Three strand Multiseed Plait using Sourdough Discard.

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Plaited bread occurs in many cuisines. The Swiss claim to have invented it as Zopf is a type of Swiss, Austrian and Bavarian bread that is enriched with milk, eggs and butter into a form of brioche. It is then plaited, baked and traditionally eaten on a Sunday morning. The French call it 'tresse' and the Italians call it 'treccia'. 

In Hebrew cuisine, it exists as Challah, a special bread of the Ashkenazi Jews, eaten on Shabbat or at otjer significant Jewish gatherings. 

You'll find other braided breads throughout Eastern Europe...some in rings, others straight, some enriched, but all plaited in their own distinctive way. 

My three strand plait uses sourdough discard. There really should be a better word for the excess sourdough starter other than 'discard'. It's far too useful to be given a name that doesn't properly do justice to its worth. I always keep a large tub of 'discard' alongside my starter motherlode because it's so good to bake with and produces so many interesting types of light and tasty breads.


I'm actually going to make 2 loaves from this mix. If you want a really large one - then don't divide it as I did. 

100 gms unfed sourdough starter (it doesn't matter whether this was fed the day before or a week ago, there will be active bacteria jut waiting to go to work)

500 gms strong white bread flour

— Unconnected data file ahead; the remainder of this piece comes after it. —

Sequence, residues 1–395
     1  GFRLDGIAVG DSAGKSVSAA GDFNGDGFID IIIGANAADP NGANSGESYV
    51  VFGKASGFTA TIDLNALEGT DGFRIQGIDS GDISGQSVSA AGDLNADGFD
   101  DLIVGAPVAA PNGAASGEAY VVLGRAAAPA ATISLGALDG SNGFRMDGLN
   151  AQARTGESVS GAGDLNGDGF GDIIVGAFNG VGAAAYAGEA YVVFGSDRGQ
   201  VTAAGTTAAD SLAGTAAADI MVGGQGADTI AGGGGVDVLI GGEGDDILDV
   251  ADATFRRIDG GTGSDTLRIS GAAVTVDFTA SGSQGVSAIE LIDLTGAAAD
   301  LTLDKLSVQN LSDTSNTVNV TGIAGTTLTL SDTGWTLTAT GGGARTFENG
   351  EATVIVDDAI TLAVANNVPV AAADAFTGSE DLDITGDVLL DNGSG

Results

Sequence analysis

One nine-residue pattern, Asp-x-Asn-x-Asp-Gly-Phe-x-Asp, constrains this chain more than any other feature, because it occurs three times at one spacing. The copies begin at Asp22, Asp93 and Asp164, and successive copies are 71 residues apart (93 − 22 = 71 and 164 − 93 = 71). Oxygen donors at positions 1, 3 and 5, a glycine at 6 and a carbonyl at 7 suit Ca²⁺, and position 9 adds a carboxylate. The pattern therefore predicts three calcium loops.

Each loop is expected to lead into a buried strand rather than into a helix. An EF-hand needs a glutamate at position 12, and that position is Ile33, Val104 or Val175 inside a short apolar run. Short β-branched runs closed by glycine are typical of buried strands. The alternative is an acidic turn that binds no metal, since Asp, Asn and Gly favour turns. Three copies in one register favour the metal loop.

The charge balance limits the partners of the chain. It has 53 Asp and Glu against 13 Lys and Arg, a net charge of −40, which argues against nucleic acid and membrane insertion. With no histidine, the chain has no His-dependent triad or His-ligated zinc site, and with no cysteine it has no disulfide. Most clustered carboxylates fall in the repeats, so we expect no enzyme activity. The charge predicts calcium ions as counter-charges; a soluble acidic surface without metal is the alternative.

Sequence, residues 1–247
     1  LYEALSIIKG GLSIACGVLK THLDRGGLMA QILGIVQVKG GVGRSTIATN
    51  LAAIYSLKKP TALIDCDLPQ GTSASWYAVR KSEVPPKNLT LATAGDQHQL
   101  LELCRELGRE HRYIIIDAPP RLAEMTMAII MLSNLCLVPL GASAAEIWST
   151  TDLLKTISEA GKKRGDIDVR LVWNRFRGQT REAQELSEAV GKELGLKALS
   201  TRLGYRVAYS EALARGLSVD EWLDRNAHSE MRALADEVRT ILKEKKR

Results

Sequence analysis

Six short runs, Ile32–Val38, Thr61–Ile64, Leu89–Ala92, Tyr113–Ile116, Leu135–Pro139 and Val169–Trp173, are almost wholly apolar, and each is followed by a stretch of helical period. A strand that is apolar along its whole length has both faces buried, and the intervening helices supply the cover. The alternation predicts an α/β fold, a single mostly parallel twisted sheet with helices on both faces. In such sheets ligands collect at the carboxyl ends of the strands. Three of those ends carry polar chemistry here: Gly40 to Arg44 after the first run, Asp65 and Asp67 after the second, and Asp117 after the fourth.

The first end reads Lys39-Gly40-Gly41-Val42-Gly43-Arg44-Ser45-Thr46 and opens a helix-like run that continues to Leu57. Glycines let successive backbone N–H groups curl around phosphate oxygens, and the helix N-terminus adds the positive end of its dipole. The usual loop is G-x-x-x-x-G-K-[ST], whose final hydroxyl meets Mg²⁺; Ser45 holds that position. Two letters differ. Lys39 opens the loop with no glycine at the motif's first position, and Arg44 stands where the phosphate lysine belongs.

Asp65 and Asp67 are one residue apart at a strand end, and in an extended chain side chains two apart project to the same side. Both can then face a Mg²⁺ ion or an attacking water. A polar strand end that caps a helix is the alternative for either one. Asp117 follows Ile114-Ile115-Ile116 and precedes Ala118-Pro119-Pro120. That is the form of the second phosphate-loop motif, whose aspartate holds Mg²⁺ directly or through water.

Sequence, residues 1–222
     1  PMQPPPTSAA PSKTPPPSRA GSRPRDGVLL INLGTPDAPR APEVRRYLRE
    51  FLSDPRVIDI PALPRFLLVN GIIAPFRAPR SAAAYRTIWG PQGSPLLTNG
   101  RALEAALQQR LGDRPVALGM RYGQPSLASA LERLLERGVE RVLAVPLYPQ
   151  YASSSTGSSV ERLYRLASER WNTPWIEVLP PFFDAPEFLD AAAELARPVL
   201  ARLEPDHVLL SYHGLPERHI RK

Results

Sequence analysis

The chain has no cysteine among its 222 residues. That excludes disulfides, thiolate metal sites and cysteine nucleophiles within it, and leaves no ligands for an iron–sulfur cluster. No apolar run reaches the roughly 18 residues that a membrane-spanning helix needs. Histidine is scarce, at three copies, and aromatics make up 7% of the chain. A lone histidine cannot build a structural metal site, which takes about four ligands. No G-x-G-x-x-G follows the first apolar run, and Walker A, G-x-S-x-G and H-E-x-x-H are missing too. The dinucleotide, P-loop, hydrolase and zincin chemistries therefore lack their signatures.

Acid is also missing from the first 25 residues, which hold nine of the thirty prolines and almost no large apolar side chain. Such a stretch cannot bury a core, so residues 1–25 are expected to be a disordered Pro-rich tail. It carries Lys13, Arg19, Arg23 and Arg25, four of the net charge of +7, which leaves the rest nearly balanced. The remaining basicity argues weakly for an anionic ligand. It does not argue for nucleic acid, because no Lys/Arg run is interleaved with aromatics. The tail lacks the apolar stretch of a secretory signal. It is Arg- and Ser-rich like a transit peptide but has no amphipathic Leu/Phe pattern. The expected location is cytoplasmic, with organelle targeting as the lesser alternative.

400 gms tepid filtered water

50 gms unsalted butter

1 tablespoon Demerara sugar

10 gms sea salt

1 teaspoon instant yeast

and then the seeds:

1 tablespoon chia seeds

1 tablespoon brown linseed

1 tablespoon black sesame

1 tablespoon white sesame

1 tablespoon pumpkin seeds

1 tablespoon sunflower seeds

and then the glaze

poppy seeds

egg wash

Using a bread machine

Add the flour and the salt to the pan and cover with the liquid. Leave to autolyse for fifteen minutes. Add the remainder of the ingredients and choose a Basic Dough programme (2hrs 20 minutes).  Then proceed to the next stage. 

Mixing by hand or using a stand mixer

If you're mixing by hand or using a stand mixer, add the softened butter and the salt to the flour and mix thoroughly. Then add the remainder of the dry ingredients (except the yeast). Slowly add the liquid and then the yeast until you have a sticky mix. Turn the mix out onto a floured board and knead until you have a silky and pliable dough. (There are 'Help' videos and articles in the 'Useful Web and YouTube links' on the lefthand side of this page). Place the dough in an oiled bowl and cover. Leave for an hour somewhere warm until the dough has doubled in size. 

Weigh the dough and divide into three equal portions. 

Form each portion into a ball and then, taking each ball in turn, roll it out into a rough rectangle. Fold it into thirds along the long edge and ensure you press the join down firmly. Bring the long edge to the middle and then roll into a sausage shape. Then, applying equal pressure along the length, gradually roll it into a long length. Try and end up with a long sausage that is approximately one inch in diameter. 

Repeat with the other two balls. 

Place the three lengths down the worktop and secure the top ends together. Then begin to plait....right into the middle....left into the middle.....right into the middle and so on. 

If you're unsure how to plait bread, watch this video:

Tuck the ends in to make it tidy and carefully lift it onto a baking sheet that has been lined with parchment paper or silicone. 

Leave somewhere warm for 30 / 40 minutes until it has doubled in volume. 

Preheat the oven to 190⁰C

Mix a glaze by beating an egg in a small cup. Beat it very thoroughly to disperse all the albumen. 

Glaze the bread and scatter poppy seeds from a height to ensure even coverage. 

Bake for 30 minutes or until golden brown. 

Cool on a rack. 

Happy baking....


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